Texas judge orders that Munoz be removed from life support
Judge R. H. Wallace Jr. issued the ruling Friday in the case of Marlise Munoz, a pregnant, brain-dead woman who has been kept on life support over the objections of her parents and her husband.
Fort Worth, Texas — A judge on Friday ordered a Texas hospital to remove life support for a pregnant, brain-dead woman whose family had argued that she would not want to be kept in that condition.
Judge R. H. Wallace Jr. issued the ruling in the case of Marlise Munoz. John Peter Smith Hospital in Fort Worth has been keeping Munoz on life support against her family's wishes. The judge gave the hospital until 5 p.m. CST Monday to remove life support. The hospital did not immediately say Friday whether it would appeal.
Munoz was 14 weeks pregnant when her husband, Erick Munoz, found her unconscious Nov. 26, possibly due to a blood clot. Both the hospital and the family agree that she meets the criteria to be considered brain-dead — which means she is dead both medically and under Texas law — and that the fetus could not be born alive at this point.
But the hospital had not pronounced her dead and continues to treat her over the objections of both Erick Munoz and her parents, who sat together in court Friday.
"Mrs. Munoz is dead," Wallace said in issuing his ruling, adding that meant the hospital was misapplying a state law that prohibits the removal of life-sustaining treatment from a pregnant patient.
Larry Thompson, a state's attorney representing the public hospital, had told the judge the hospital had a legal responsibility to protect the unborn fetus.
"There is a life involved, and the life is the unborn child," Thompson said.
But Jessica Hall Janicek and Heather King, Erick Munoz's attorneys, accused the hospital of conducting a "science experiment" and warned of the dangerous precedent her case could set, raising the specter of special ICUs for brain-dead women carrying babies.
"There is an infant, and a dead person serving as a dysfunctional incubator," King said.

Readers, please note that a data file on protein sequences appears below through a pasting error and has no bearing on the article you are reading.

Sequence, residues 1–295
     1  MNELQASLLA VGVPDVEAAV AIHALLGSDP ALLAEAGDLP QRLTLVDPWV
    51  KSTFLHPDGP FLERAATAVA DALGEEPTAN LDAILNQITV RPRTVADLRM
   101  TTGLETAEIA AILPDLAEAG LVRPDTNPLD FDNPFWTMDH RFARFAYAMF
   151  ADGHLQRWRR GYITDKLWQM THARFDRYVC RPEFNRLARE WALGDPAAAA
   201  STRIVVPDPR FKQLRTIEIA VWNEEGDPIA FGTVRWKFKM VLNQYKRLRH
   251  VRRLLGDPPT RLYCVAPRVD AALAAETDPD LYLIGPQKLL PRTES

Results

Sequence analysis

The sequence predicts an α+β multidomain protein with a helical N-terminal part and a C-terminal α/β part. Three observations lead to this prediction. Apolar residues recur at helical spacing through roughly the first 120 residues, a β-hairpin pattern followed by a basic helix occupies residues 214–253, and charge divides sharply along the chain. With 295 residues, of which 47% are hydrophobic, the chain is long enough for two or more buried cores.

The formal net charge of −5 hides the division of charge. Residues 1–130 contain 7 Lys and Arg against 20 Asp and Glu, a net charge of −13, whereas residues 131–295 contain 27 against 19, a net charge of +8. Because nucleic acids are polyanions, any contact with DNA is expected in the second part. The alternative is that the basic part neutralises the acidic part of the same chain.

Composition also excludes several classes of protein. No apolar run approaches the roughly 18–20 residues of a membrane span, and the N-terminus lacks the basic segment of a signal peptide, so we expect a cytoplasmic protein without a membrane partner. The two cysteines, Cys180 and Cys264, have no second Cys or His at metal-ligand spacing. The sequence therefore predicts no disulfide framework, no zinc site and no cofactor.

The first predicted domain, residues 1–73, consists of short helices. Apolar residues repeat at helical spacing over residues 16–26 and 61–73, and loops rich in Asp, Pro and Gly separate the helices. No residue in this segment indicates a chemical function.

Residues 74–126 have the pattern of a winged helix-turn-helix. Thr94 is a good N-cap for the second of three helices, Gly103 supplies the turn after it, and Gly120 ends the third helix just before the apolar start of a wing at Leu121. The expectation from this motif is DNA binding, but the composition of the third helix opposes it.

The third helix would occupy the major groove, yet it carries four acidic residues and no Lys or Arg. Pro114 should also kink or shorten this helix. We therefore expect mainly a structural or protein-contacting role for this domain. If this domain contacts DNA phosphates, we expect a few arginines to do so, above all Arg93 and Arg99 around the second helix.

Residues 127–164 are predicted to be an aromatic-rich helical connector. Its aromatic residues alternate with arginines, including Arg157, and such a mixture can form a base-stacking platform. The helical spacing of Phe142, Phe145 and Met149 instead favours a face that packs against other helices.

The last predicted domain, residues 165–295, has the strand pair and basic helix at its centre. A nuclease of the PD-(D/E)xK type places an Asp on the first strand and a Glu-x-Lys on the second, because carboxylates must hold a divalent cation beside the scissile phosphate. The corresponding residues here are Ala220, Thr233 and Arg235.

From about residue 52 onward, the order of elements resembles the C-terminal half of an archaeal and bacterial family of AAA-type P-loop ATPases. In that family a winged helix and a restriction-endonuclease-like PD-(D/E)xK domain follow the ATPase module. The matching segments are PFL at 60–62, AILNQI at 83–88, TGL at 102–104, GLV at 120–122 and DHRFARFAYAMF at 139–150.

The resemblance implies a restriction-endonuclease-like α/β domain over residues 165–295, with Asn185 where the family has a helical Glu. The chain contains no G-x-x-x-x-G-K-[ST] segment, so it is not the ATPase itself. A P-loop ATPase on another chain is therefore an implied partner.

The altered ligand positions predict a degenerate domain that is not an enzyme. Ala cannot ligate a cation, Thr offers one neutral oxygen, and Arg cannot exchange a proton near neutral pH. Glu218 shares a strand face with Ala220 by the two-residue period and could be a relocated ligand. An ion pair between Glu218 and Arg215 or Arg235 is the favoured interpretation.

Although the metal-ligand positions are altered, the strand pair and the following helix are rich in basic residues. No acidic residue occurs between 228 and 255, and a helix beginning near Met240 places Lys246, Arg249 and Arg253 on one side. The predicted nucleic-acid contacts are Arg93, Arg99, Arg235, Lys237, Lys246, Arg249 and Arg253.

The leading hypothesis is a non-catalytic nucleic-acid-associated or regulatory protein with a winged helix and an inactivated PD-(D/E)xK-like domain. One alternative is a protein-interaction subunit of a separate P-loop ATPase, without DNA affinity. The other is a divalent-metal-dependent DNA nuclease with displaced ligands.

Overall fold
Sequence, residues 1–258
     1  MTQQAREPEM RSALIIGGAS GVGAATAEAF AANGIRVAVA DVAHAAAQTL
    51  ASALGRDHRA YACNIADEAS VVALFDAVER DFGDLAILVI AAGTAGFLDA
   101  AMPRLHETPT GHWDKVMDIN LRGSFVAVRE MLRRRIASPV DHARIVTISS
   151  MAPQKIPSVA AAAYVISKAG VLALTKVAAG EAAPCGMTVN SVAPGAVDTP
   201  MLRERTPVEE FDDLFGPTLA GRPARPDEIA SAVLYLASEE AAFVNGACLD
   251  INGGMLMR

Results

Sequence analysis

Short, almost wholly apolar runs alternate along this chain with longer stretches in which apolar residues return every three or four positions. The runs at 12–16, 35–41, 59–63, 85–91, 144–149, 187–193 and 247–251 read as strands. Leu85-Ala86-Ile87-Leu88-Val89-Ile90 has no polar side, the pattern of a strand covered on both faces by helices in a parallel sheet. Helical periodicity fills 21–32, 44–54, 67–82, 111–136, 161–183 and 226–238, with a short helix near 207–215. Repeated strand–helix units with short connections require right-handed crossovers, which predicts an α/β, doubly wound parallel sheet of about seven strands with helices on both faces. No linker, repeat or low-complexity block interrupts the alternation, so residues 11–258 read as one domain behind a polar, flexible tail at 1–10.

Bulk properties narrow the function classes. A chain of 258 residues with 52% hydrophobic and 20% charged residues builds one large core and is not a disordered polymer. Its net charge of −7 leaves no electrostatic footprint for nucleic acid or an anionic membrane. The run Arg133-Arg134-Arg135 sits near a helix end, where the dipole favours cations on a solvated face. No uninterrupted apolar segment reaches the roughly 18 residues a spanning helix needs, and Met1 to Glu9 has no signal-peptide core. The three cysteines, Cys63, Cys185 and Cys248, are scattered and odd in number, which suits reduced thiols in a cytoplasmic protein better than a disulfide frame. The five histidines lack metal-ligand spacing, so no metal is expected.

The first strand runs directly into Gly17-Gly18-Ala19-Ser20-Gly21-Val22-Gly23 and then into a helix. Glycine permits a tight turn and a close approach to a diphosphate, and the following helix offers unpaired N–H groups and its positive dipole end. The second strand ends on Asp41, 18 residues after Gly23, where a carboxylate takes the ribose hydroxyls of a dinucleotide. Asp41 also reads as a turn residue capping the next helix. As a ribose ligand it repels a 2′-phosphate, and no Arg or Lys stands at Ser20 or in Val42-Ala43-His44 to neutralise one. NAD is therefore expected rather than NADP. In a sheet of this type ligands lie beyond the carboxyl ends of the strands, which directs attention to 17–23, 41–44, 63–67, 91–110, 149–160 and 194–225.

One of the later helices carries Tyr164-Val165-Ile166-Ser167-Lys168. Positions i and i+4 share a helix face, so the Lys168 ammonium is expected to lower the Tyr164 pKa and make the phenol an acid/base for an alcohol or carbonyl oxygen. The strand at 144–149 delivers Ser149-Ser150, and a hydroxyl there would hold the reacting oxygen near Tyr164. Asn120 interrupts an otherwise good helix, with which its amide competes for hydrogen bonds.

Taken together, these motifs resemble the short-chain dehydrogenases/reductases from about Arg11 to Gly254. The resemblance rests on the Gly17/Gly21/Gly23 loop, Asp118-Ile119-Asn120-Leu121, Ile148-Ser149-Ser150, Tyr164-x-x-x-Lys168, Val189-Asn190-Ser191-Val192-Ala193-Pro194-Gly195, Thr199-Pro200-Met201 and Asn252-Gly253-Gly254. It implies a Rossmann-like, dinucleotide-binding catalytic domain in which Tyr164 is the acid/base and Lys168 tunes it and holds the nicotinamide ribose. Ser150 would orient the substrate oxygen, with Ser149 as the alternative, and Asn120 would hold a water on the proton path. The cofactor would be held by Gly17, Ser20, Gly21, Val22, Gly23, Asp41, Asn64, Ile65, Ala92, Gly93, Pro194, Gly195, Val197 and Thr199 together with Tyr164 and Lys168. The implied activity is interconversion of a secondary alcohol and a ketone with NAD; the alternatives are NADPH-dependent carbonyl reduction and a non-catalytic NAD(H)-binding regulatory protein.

Erick Munoz said he and his wife are paramedics who were clear that they didn't want life support in this type of situation. Her parents agreed. He declined to comment as he left the courtroom, and King and Janicek did not say what they would do next, pending a potential appeal by the hospital.
The hospital said in a statement Friday that it "appreciates the potential impact of the consequences of the order on all parties involved" and was deciding whether to appeal.
The case has raised questions about end-of-life care and whether a pregnant woman who is considered legally and medically dead should be kept on life support for the sake of a fetus. It also has gripped attention on both sides of the abortion debate, with anti-abortion groups arguing Munoz's fetus deserves a chance to be born. Several anti-abortion advocates attended Friday's hearing.
Hospital officials have said they were bound by the Texas Advance Directives Act, which prohibits withdrawal of treatment from a pregnant patient. Several experts interviewed by The Associated Press, including two who helped draft the legislation, have said the hospital is misapplying the law because Marlise Munoz would be considered legally and medically dead.
"Marlise Munoz is dead, and she gave clear instructions to her husband and family — Marlise was not to remain on any type of artificial 'life sustaining treatment', ventilators or the like," the lawsuit said. "There is no reason JPS should be allowed to continue treatment on Marlise Munoz's dead body, and this Court should order JPS to immediately discontinue such."
Earlier this week, Erick Munoz's attorneys said that the fetus, now believed to be at about 22 weeks' gestation, is "distinctly abnormal." They attorneys said they based that statement on medical records they received from the hospital.
The hospital argued in a court filing Thursday that there was little evidence of what state lawmakers and courts thought of this issue, but recent laws passed by the Republican-controlled Legislature to restrict abortion made it clear that they wanted to preserve a fetus' rights.
The Advance Directives Act "must convey legislative intent to protect the unborn child," the hospital said in its filing. "Otherwise the Legislature would have simply allowed a pregnant patient to decide to let her life, and the life of her unborn child, end."
Not much is known about fetal survival when mothers suffer brain death during pregnancy. German doctors who searched for such cases found 30 of them in nearly 30 years, according to an article published in the journal BMC Medicine in 2010.
Those mothers were further along in pregnancy — 22 weeks on average — when brain death occurred than in the Texas case. Birth results were available for 19 cases. In 12, a viable child was born. Follow-up results were available for six, all of whom developed normally.